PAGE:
Christmas, the traditional time for giving is fast approaching.
Many employers choose this time to reward their staff for the hard work and commitment over the past year by giving them gifts (benefits) in the form of non-cash items. Unfortunately, unless handled correctly the gifts may give rise to income tax and national insurance contribution liabilities for the employee, not quite the consequence that the employer wanted.
A tax exemption is available which should help employers ensure that the benefits provided are exempt, it must satisfy the following conditions:
- the cost of providing the benefit does not exceed £50 per employee (or on average when gifts made to multiple employees)
- the benefit is not cash or a cash voucher
- the employee is not entitled to the benefit as part of a contractual arrangement (including salary sacrifice)
- the benefit is not provided in recognition of particular services performed by the employee as part of their employment duties
- where the employer is a “close” company and the benefit is provided to an individual who is a director, an office holder or a member of their household or their family, then the exemption is capped at a total cost of £300 in a tax year.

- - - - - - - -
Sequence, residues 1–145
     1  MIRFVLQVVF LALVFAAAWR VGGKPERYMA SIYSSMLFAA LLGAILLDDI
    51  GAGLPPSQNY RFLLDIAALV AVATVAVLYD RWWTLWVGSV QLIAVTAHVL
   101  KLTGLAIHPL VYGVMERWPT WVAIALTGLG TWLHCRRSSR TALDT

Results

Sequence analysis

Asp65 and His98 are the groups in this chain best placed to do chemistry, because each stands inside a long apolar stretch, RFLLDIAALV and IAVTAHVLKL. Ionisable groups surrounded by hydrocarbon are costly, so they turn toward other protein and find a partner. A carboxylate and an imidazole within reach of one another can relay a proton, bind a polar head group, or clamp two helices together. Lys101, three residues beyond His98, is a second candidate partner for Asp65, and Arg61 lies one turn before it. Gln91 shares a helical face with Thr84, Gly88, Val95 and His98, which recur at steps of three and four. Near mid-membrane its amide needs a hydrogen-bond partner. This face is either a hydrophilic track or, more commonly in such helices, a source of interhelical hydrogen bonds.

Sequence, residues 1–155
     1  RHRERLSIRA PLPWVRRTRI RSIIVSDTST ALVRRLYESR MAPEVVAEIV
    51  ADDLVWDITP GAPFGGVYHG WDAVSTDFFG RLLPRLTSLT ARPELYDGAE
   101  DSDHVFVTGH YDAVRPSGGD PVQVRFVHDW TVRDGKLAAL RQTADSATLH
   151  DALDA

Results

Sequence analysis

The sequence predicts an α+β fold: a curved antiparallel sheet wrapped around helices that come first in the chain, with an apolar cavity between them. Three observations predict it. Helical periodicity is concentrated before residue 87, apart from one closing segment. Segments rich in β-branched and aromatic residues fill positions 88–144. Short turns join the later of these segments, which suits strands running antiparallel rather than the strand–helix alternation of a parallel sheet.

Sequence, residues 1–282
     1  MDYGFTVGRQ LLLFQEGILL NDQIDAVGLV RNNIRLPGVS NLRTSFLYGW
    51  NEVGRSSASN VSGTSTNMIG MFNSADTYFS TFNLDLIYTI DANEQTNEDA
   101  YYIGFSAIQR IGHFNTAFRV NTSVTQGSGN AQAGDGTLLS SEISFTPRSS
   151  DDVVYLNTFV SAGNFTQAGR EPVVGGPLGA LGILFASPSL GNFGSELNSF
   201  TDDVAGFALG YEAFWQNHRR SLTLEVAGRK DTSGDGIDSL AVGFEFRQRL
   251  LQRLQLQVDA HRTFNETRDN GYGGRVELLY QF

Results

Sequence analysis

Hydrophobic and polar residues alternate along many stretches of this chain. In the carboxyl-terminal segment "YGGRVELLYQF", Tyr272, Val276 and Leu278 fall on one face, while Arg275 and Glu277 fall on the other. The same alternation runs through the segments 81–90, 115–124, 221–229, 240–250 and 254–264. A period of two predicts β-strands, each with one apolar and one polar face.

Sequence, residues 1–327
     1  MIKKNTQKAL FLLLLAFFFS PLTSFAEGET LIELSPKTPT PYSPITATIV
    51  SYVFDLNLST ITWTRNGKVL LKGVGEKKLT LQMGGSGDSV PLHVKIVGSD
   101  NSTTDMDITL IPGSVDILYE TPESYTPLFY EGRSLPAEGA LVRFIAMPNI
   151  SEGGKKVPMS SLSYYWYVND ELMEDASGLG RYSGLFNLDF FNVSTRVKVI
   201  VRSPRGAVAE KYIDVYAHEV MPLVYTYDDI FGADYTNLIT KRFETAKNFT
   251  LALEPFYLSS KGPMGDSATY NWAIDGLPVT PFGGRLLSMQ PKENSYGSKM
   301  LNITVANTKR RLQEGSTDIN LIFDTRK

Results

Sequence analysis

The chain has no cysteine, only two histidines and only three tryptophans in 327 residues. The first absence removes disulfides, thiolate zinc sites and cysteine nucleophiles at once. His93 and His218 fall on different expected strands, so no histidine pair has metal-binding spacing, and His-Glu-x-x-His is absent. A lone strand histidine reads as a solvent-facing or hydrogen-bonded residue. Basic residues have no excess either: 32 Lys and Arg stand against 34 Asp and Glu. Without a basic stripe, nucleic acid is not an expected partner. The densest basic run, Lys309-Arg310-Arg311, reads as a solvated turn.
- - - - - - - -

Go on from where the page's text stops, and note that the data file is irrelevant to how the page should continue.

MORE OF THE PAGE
If any of these conditions are not met then the benefit will be taxed in the normal way subject to any other exceptions or allowable deductions.
One of the main conditions is that the cost of the benefit does not exceed £50. If the cost is above £50 the full amount is taxable, not just the excess over £50. The cost of providing the benefit to each employee and not the overall cost to the employer determines whether the benefit can be treated as trivial benefit. So, a benefit costing up to £50 per employee whether provided to one or more employees can be treated as trivial. Where the individual cost of each employee cannot be established, an average could be used. Some HMRC examples consider gifts of turkeys, a bottle of wine or alternatively a gift voucher.
Further details on how the exemption will work, including family member situations, are contained in the HMRC manual
If you are still unsure please do get in touch before assuming the gift you are about to provide is covered by the exemption.